Manasses

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Manasses
Origin
Word/name Hebrew
Other names
Related names Manasseh

Manasses or Manasseh (/mə.ˈnæs.ə/;[1] Hebrew: מְנַשֵּׁה‎‎ "Mnaše") is a Biblical Hebrew name for men meaning "causing to forget".[2] It is the given name of seven people of the Bible, the name of a tribe of Israel, and the name of one of the apocryphal writings. It is also the name of several more modern people.

Biblical individuals[edit]

Son of Joseph[edit]

Manasses (Hebrew: מנשה‎‎; Septuagint: Manassê; c. 2nd millennium BC) was the eldest son of Joseph and the Egyptian Aseneth (Genesis 41:50-51; 46:20). The name means "he that causes to forget"; Joseph assigned the reason for its bestowal: "God hath made me to forget all my toils, and my father's house" (Genesis 41:51). Jacob blessed Manasses (Genesis 48); but gave preference to the younger son Ephraim, despite the father's protestations in favour of Manasses. By this blessing, Jacob put Manasses and Ephraim in the same class with Ruben and Simeon (verses 3-5), and gave foundation for the admission of the tribes of Manasses and Ephraim.

Husband of Judith[edit]

Manasses, Judith's husband, died of sunstroke in Bethulia (Judith 8:2-3).

Story of Ahikar[edit]

Manasses was a character in the Story of Ahikar (not in Vulgata, but in Septuagint) told by Tobias on the point of death. The Vatican Manuscript mentions Manasses (Manassês) as one "who gave alms and escaped the snare of death". The Sinaitic Manuscript mentions no one, but clearly refers the almsgiving and escape to Achiacharus (Ahikar). The reading of the Vatican Manuscript may be an error.

Sons of Ezra's companions[edit]

Manasses was a son of Bani, one of the companions of Esdras who married foreign wives (Ezra 10:30).

Another Manasses was the son of Hasom, another of the same companions of Esdras (Ezra 10:33).

Ancestor of Jonathan[edit]

Manasses (according to k’thibh of Massoretic Text and Septuagint) was ancestor of Jonathan, a priest of the tribe of Dan (Judges 18:30). The Vulgate and k’ri of the Massoretic Text give Moses, the correct reading.

King of Judah[edit]

Manasseh was the thirteenth King of Judah (692–638 B.C.) and son and successor to Ezechias (2 Kings 20:21 sq.). The historian of 4 Kings tells us much about the evil of his reign (21:2-10), and the punishment thereof foretold by the Prophets (verses 10- 15), but practically nothing about the rest of the doings of Manasses. He brought back the abominations of Achaz; imported the adoration of "all the host of heaven", seemingly the astral, solar and lunar myths of Assyria; introduced the other enormities mentioned in the Sacred text; and "made his son pass through fire" (verse 6) in the worship of Moloch.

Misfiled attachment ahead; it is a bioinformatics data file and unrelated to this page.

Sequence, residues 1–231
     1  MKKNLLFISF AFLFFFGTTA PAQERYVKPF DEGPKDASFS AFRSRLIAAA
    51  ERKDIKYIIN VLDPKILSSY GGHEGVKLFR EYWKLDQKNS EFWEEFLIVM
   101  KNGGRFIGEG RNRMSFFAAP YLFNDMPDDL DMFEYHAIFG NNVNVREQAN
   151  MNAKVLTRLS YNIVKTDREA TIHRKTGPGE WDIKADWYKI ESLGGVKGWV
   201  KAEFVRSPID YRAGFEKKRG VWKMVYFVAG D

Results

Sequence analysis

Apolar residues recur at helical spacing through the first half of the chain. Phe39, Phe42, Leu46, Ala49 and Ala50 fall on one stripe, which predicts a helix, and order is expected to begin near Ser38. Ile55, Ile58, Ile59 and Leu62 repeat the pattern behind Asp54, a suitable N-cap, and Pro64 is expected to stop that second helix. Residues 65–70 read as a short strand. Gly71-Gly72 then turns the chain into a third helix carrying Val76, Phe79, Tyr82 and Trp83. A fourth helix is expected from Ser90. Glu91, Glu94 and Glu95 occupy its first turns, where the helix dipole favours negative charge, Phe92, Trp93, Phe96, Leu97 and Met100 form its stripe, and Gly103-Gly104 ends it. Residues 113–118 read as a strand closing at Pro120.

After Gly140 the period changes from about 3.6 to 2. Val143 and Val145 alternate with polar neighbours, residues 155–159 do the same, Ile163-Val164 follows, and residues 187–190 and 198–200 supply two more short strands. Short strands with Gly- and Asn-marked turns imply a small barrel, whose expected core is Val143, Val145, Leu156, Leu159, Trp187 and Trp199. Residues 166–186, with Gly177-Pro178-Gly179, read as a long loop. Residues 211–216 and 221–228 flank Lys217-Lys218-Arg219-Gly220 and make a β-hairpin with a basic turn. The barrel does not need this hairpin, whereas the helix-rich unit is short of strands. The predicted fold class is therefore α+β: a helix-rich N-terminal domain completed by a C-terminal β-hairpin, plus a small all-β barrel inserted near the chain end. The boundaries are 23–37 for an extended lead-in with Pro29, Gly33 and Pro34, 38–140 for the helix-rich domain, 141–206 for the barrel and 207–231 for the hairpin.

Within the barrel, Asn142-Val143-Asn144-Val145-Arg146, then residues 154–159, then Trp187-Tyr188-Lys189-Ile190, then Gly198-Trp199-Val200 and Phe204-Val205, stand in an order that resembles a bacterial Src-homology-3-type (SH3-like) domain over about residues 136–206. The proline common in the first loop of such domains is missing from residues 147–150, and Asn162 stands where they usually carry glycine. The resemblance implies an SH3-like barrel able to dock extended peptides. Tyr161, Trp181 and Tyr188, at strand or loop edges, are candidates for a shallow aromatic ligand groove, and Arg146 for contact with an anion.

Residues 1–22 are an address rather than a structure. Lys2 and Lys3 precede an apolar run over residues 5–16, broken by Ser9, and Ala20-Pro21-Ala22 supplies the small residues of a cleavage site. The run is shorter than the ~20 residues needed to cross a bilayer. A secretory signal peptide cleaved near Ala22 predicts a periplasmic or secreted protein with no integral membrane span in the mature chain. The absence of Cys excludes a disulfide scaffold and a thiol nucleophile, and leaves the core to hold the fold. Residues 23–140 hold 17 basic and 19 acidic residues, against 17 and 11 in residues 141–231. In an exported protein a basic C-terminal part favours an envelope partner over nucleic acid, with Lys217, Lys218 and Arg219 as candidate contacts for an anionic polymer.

It was probably in this frenzy of his varied forms of idolatry that "Manasses shed also very much innocent blood, till he filled Jerusalem up to the mouth" (verse 16). The historian of 2 Paralipomena tells much the same story, and adds that, in punishment, the Lord brought the Assyrians upon Juda. They carried Manasses to Babylon. God heard his prayer for forgiveness and deliverance, and brought him again to Jerusalem, where Manasses did his part in stemming the tide of idolatry that he had formerly forced upon Juda (33:11-20).

At one time, doubt was cast on the historicity of this narrative of 2 Paralipomena, because IV Kings omits the captivity of Manasses. Schrader gives cuneiform records of twenty-two kings that submitted to Assurhaddon during his expedition against Egypt; second on the list is Minasii sar ir Yaudi (Manasses, king of the city of Juda). Schrader also gives the list of twenty-two kings who are recorded on a cuneiform tablet as tributaries to Asurbanipal in the land of Hatti; second on this list is Miinsii sar mat Yaudi (Manasses, king of the land of Juda). Since a Babylonian brick confirms the record of the historian of II Par., his reputation is made a little more secure in rationalistic circles. Winckler and Zimmern admit the presence of Manasses in Babylon (see their revision of Schrader's "Keilinschr. und das A. T.", I, Berlin, 1902, 274). Conjectures of the Pan-Babylonian School as to the causes that led to the return of Manasses, the groundwork of the narrative in IV Kings, etc., do not militate against the historical worth of the scriptural account.

Other notable people[edit]

Notable people bearing the regnal, religious, or given name Manasses, Manasseh or Menashe include:

See also[edit]

References[edit]

  1. ^ LDS.org: "Book of Mormon Pronunciation Guide" (retrieved 2012-02-25), IPA-ified from «ma-năs´a»
  2. ^ Behind the name